£8,000 FOR 11 MINUTES!
In 1963, Northampton Town, then of the 3rd Division shelled out a hefty £8,000 for prolific Bert Llewelyn of Port Vale. Town were pushing for promotion and manager Dave Bowen felt the fee was justified and that his goals would ensure 2nd tier football.
However, 11 minutes into his debut for the Cobblers, Llewelyn (pictured above scoring for Wigan later in his career) suffered a serious leg injury ruling him out for the remainder of the season. Northampton won the 2nd Division crown without their new star striker’s services as part of their mercurial rise which would eventually see them in the top flight.
Llewelyn however, was destined never to play for the club again. The injury took him a year to recover from and before he played another first-team match he had moved on to Walsall before settling at then Cheshire County League team Wigan Athletic where he became something of a legend scoring 96 goals in 115 games.
Having started his career with Everton, Llewelyn moved to Crewe before joining Port Vale. He finished his senior career with 192 goals in 327 games.
Bert Llewelyn passed away last year aged 77.
SACK THE SECRETARY
In the 1932-33 Brighton & Hove Albion were in the 3rd Division (South), where they had been ever since their entry into the Football League 13 seasons before.
Football League status ensured the Seagulls of a place in the first round of the FA Cup. Or at least it should have. Unfortunately they forgot to apply for exemption and were forced to enter in the qualifying round stage. Due to the error, their FA Cup season began in October with a 12-0 win over Shoreham. Worthing, Hastings And St Leonard’s and Barnet were all comfortably beaten and the team reached the first round proper having scored 32 goals and conceded just 1.
In the competition proper, Brighton overcame Crystal Palace in the 1st round, then Wrexham, Chelsea and Bradford to make it through to the 5th round. The epic journey finally came to an end when after drawing 2-2 at home to West Ham they lost the replay by a single goal.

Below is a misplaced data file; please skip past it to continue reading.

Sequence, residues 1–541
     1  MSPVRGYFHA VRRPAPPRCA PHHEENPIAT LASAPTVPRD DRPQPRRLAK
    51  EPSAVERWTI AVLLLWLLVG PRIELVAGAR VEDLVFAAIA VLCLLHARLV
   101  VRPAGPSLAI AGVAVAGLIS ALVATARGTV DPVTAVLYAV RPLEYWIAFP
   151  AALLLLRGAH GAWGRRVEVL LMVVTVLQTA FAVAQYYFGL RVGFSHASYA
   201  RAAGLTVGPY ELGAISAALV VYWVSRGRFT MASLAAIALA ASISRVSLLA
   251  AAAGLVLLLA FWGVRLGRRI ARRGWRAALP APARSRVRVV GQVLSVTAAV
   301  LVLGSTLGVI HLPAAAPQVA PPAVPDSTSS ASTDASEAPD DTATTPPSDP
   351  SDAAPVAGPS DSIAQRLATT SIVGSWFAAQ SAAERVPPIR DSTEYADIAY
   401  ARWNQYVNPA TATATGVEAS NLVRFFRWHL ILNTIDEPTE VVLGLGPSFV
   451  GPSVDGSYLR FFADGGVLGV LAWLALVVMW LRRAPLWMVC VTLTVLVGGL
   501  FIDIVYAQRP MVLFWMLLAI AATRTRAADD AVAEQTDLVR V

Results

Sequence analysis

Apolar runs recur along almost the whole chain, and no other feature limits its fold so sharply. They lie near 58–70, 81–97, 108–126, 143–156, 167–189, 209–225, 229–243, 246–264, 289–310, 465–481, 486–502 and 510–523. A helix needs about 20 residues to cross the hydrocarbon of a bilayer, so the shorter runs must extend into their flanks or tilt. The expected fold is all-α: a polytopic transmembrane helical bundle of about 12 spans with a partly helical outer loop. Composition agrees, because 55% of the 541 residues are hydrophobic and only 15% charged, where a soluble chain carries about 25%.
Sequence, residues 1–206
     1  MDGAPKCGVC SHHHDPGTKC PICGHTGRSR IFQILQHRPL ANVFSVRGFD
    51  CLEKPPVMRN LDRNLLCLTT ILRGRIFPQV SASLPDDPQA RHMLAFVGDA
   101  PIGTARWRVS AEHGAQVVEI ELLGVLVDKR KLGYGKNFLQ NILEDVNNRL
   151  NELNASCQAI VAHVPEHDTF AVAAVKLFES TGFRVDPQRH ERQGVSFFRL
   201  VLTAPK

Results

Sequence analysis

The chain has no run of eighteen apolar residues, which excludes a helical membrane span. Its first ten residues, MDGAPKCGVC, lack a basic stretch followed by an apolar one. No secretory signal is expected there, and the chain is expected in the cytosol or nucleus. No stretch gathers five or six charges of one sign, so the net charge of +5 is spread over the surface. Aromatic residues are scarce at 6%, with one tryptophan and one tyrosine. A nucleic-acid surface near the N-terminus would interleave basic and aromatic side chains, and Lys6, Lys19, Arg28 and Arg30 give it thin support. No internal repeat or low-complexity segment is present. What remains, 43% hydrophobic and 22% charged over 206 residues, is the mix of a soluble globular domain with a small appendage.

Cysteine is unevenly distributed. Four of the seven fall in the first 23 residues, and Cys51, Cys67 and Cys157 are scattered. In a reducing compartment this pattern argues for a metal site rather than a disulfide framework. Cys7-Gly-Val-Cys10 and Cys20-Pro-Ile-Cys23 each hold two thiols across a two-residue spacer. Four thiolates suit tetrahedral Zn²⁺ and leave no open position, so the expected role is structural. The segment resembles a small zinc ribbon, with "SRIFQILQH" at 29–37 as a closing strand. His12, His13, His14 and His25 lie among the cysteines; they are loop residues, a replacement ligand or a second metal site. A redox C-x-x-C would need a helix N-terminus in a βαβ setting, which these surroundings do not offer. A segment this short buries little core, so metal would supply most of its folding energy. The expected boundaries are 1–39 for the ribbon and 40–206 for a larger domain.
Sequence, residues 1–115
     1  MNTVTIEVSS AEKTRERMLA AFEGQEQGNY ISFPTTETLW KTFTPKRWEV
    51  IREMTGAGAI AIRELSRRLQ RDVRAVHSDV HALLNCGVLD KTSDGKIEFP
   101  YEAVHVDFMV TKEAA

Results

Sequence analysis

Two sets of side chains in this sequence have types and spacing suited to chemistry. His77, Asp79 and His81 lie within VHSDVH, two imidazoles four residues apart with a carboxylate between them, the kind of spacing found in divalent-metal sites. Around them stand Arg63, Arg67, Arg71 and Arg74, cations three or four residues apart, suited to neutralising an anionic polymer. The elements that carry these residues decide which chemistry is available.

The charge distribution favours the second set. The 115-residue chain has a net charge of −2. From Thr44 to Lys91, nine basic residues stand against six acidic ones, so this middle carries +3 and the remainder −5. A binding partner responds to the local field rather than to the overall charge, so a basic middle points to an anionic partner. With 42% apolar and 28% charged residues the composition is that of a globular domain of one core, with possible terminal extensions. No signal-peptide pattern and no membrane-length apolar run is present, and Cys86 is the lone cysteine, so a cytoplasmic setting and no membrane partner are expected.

Eleven FA Cup matches clearly didn’t do their league chances any favours and they finished 12th in the 3rd Division (South) where they were to remain until they finally got promoted in 1958-59, a whopping 39 years after first entering the league!
Pictured above: Fans at Brighton’s FA Cup 5th Round clash with West Ham in 1933
NO THANKS JOCK
When Newcastle sacked manager Charlie Mitten in October 1961 then Dunfermline manager Jock Stein applied for the post. But the club decided to give long-time assistant Norman Smith a crack at the job.
Stein stayed with the Pars for another three years before moving on to Hibernian and then to Celtic where, of course, he won the European Cup among a welter of trophies (and got this players to jump through hoops for him, witness John Hughes above).
Smith, on the other hand, proved to be not up to the top job and he stepped down from the role (while remaining at the club) was replaced in 1962 by former captain Joe Harvey who also led his club to European success.
THE MIGHTY QUEEN’S PARK
Queen’s Park FC were formed in July 1867 making them the oldest club in Scotland. They played their first match in August 1868 beating Thistle F. C. 2-0.
In November 1872 the club provided all 11 players for the first ever international against England, and they formed the Scottish Football Association, along with eight other clubs, in 1873. They won the first-ever Scottish Cup Final, beating Clydesdale 2-0 at the original Hampden Park, their home ground, and went on to the first three tournaments and did not suffer defeat until December 1876 when Vale of Leven beat them 2-1. In all, they won 8 of the first 13 Scottish Cups. They last won the Cup in 1893 when they beat Celtic 2-1 in a replayed game after the original was abandoned with Celtic one up.
Above: Queen’s Park 1873-74. Seated far right is Billy McKinnon scorer of the first-ever Scottish Cup Final goal.
In 1946 Derby County met Charlton Athletic in the first post-War FA Cup Final. Before the game, referee said in a BBC broadcast that the odds of the ball bursting were ‘a million to one’, so of course…
Derby centre-forward Jack Stamps takes up the story; “The ball dropped about two yards from me. I stood with nobody marking me, facing goal and not more than ten yards out. I shaped to Kick the back into the Charlton net. I could not miss it, I thought. Them I saw that the ball was running away from me. I just managed to get my toe to it. I saw Sam Bartram catch the ball, take a quick look at it and throw it over the touchline behind his goal.”
The incident, and the missed opportunity, didn’t affect the result with Derby running out 4-1 winners after extra-time the 1-1 score at full time was all the work of Charlton’s Bert Turner, the Welshman having scored for his own team and the opposition.
The teams met again five days after the final in a league match, and the ball burst again!
Above: Bert Turner’s own goal gets past a despairing Sam Bartram.